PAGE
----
NHC staff and partners at Human Rights Human Wrongs
The film festival Human Rights Human Wrongs, Scandinavia’s only film festival dedicated to human rights, was arranged for the fourth time February 6-10. Speakers included Alma Masic from the organization Youth Initiative for Human Rights in Bosnia and Herzegovina and NHC staff Akhmed Gisaev and Inna Sangadzhiyeva. In cooperation with the Center for Studies of Holocaust and Religious Minorities, the NHC also arranged visits by Alma Masic to two high schools to promote and inform about the project “Srebrenica: Mapping Genocide”.
The festival, which took place at Parkteatret, Cinemateket and Litteraturhuset, was built around the themes of economic injustice, protest movements, freedom of expression and “othering”: Why are some people disqualified as full human beings, how do institutions, culture and media participate in creating and maintaining outcasts, and how can we create a more inclusive society?
The Norwegian Helsinki Committee had the pleasure of inviting to Oslo Bosnian human rights activist and NHC partner Alma Masic. She debated the topic of othering with Indian filmmaker Stalin K. She also showed a trailer for the DVD Srebrenica – Mapping Genocide produced by the YIHR, which documents the process from marking out a specific group designated for persecution towards full genocide. In the debate, Masic spoke about how Bosnia is still divided by the fact that each of the three main groups have their own narratives and how this contribute to creating new myths where war criminals like Radko Mladic become heroes and defeats become victories. She also drew attention to the constitution which guarantees equality between Serbs, Bosniaks and Croat, but by doing so actually contributes to the marginalization of Roma, Jews and those opting for a secular, non-nationalist identity and refuse to register in any of the three cathegories by marking them as “others”.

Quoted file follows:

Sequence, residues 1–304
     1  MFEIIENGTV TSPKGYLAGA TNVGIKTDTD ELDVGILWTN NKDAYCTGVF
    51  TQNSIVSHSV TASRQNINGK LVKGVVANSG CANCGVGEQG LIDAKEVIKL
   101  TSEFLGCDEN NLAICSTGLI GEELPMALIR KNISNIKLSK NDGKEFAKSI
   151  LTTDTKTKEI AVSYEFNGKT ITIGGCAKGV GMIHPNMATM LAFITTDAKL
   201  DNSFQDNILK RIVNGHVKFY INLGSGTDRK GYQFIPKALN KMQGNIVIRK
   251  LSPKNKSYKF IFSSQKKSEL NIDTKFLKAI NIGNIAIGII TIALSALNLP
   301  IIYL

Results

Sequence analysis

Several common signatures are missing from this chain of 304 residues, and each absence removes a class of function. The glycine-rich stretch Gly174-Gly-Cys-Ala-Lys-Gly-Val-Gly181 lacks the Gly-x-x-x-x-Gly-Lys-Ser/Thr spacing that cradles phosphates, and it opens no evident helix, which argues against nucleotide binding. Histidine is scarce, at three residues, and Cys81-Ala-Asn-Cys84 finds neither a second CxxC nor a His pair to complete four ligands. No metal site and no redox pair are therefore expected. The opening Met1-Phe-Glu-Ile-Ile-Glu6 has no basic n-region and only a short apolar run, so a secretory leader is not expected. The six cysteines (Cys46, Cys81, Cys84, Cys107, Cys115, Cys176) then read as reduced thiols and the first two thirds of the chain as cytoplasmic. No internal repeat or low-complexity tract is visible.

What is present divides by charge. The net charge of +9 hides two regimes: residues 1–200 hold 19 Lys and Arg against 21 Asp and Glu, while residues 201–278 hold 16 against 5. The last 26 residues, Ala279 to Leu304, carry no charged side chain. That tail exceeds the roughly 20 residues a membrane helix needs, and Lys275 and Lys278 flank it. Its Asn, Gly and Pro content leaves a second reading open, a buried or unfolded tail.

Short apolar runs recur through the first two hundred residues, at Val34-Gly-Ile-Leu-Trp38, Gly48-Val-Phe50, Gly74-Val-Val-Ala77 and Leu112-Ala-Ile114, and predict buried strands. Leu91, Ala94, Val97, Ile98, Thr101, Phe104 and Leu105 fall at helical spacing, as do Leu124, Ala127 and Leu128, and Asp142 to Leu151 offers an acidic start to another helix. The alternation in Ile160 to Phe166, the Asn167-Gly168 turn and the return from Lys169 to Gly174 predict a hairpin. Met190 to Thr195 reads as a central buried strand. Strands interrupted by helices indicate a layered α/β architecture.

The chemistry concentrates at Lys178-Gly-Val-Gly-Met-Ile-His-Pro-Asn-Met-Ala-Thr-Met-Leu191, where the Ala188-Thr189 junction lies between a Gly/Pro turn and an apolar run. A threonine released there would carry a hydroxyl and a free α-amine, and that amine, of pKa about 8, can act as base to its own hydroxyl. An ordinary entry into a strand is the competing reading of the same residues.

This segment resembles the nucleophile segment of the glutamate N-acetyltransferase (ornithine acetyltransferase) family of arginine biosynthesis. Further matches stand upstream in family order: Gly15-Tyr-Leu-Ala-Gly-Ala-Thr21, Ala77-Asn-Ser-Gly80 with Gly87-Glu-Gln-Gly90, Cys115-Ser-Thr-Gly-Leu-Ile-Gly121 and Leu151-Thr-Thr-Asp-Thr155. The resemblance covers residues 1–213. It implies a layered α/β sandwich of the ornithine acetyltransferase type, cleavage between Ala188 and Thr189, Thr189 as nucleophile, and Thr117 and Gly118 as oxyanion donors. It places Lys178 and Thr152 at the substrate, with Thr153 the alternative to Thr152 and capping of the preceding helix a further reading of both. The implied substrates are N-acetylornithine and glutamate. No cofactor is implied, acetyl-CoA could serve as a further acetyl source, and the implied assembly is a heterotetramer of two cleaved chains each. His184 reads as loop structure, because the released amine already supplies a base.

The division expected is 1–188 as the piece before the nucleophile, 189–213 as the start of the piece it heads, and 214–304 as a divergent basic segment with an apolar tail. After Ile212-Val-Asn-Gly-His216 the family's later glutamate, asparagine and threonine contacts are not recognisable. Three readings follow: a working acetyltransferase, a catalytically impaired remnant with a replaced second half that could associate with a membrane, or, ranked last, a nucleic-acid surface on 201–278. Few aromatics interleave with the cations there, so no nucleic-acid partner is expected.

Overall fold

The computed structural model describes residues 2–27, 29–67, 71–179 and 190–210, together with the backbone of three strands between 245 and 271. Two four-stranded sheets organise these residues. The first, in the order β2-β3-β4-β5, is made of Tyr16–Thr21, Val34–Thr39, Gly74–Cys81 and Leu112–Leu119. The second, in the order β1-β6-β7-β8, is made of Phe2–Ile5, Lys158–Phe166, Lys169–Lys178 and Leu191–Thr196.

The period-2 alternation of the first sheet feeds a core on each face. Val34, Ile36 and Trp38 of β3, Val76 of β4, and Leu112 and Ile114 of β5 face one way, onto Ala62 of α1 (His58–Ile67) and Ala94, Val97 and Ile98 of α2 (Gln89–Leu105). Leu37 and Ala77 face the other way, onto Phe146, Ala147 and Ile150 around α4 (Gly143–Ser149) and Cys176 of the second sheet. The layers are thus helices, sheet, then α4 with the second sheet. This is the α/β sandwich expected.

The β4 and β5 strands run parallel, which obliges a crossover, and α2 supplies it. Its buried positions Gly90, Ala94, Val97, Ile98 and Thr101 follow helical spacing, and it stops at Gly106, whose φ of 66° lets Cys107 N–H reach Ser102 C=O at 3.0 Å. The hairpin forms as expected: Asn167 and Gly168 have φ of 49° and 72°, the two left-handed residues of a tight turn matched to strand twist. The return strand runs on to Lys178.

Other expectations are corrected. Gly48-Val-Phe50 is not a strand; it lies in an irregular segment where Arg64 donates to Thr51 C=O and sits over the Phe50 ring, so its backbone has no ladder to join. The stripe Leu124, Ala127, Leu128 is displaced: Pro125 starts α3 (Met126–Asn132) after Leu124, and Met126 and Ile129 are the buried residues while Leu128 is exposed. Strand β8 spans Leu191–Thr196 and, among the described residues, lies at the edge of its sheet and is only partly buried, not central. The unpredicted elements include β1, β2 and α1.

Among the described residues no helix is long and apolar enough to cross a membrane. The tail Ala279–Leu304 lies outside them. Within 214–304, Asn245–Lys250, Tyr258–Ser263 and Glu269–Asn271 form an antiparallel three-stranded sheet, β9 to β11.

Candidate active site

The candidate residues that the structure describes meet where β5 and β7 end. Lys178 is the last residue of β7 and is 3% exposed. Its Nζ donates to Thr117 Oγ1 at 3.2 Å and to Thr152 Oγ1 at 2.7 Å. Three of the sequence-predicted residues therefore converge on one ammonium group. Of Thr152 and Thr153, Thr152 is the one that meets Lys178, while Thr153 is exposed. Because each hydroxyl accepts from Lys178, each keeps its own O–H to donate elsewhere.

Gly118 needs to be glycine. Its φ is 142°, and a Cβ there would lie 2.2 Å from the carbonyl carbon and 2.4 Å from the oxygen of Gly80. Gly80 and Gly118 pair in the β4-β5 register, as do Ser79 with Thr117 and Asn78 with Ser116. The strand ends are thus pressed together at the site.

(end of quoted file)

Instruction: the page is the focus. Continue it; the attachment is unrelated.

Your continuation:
The overall purpose of Masic’s visit was to present the documentation project “Srebrenica: Mapping Genocide” to a Norwegian
audience and documentary filmmakers. The project gathers the basic facts about the genocide in Srebrenica and presents them
with audiovisual effects in an organized, pedagogical and neutral way.
“As denial and lack of knowledge of the Srebrenica genocide are known problems, documentation projects containing only facts documented by several reliable sources needs to be promoted”, says Bjørn Engesland, Secretary-General of the Norwegian Helsinki Committee. In order to do so, NHC co-operated with the Center for Studies of Holocaust and Religious Minorities (HL-senteret) in organizing visits by Alma Masic to high schools in Nydalen and at Oslo Katedralskole. Introducing the project, she spoke about the war in Bosnia and how the communities were still divided, warning that the process leading to genocide could happen anywhere. Masic also spoke to students at the University of Oslo.
The film “Who killed Natasha”, which was shown as part of the festival program on Saturday, dealt with the murder of Russian journalist and human rights activist Natalia Estemirova, who was abducted and killed outside the Chechen capital Grozny in July 2009. After the screening NHCs Akhmed Gisaev, who worked closely with Estemirova in the organization Memorial, and Inna Sangadzhiyeva answered questions from the audience about the human rights situation in Chechnya.
As before, Oslo Dokumentarkino organized the documentary film festival in cooperation with the Norwegian Helsinki Committee and the other members of the Norwegian Human Rights House. The aim of the festival is to generate and stimulate debate on known and lesser-known human rights issues, raise awareness on human rights violations, demonstrate the importance of human rights documentary film making and provide a platform for activism and further engagement.
For more information about "Srebrenica - Mapping Genocide", click here